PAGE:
In a few weeks we'll be expanding our home by two feet, but there will be no major construction--just a lot more noise...we're adding a little girl to our family.

K is 5 years old--she's just a few months younger than Jon. Over the past few weeks she's been spending time with us. It's a welcome transition, but it will definitely be a challenge for all of us. The kids already bicker like siblings, and Nate and I are slowly learning how to juggle two kids.

K is a fiery, sassy girl who loves dresses and playing dress up, having her nails done, wearing high heels, playing with Barbies and dolls, and carrying a purse. These are all things I'm slowly coming around to :) I did buy her a dress the other day...it is a Grateful Dead concert dress, but a dress nonetheless.

Both kids are unique with different personalities, but what they do share is trauma from their past. I'm hoping that as they grow and mature, they'll be able to talk about their pasts and help each other work through some tough emotions.

In the meantime, Nate and I feel like we're hanging on by a thread. We're ready and excited for this new opportunity, but it has all come about so fast, that we feel like our wheels are spinning but we're not moving. I'm overly committed this semester and am searching for ways (and coming up short) to lighten my load. I'm planning on taking some maternity leave to acclimate. What's hard about being a new mom through adoption is the general public views my entry into motherhood as an easier one that doesn't require as much help. For example, when babies come, people bring meals and offer to come over and stay for a time with the kid so the parents can sleep. People squeal with delight when a woman announces her pregnancy. Parents have nine months to plan and prepare for their little one's arrival. And, teaching moms have nine months to plan for their six week leave without the immediate presence of said little one. Because five year olds seem pretty self-sufficient, few will offer to bring us meals or watch the kids while we nap. My announcement of adopting a second child has been met with a few sympathetic smiles and some polite congratulations--far from elation. We've had exactly six weeks to plan for K's arrival, and I'm scrambling working all hours trying to create lesson plans for my "maternity" leave while I parent both children--including the one I'm planning to take leave for all while bracing myself for judgemental questions (What will you do when the kids are in school?) and opinions of my decision to take time off. I understand that parenting a newborn is different than parenting a five year old (each has its own struggles), but the acclimation to a new child is no different. It's hard, and we're struggling with it right now. I don't know if we'll make it out alive. Okay, that's a bit dramatic...but it really will be survival mode until May! If you're the praying type, throw a few up to the big Guy on our behalf for patience, a sense of balance, and a closeness with God as we walk this new path.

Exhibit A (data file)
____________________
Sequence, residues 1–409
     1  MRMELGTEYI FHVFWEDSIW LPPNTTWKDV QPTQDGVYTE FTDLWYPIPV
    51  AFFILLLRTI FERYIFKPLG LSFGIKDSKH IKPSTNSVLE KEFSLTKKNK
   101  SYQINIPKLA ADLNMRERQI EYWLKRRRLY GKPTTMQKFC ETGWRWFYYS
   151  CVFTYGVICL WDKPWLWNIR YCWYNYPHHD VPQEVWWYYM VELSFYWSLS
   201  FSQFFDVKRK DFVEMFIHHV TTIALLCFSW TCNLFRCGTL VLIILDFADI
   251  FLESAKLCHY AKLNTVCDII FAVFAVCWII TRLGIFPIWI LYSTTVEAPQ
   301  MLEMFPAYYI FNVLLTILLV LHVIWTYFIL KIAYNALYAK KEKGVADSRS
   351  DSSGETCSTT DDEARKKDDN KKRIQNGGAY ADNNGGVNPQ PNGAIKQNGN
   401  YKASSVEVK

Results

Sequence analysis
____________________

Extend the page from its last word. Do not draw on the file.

Kristin said...

Well, you already know this, but we're super excited for you. And if I could, I'd bring you meals. You know we're only a phone call away though, if you need anything.

Amy said...

We are SOOOOOO excited!! Let us know if there is anything we can do to help!

Also, Pat said he can't wait to see you play with Barbies! :)

Erin said...

I get it. Adoption is crazy hard...but you are doing it! The Lord will help you remember that this work is soooooo worth it. He is showing us His heart...can you believe the blessing that we as adoptive parents get? We get to see and "do" the Father's love in some very hard places. There is a Jesus Culture song called "You Won't Relent" that encourages me on the hardest days. I will be praying for your family for sure. And Congrats! Every child is a gift, no matter when or how they come :)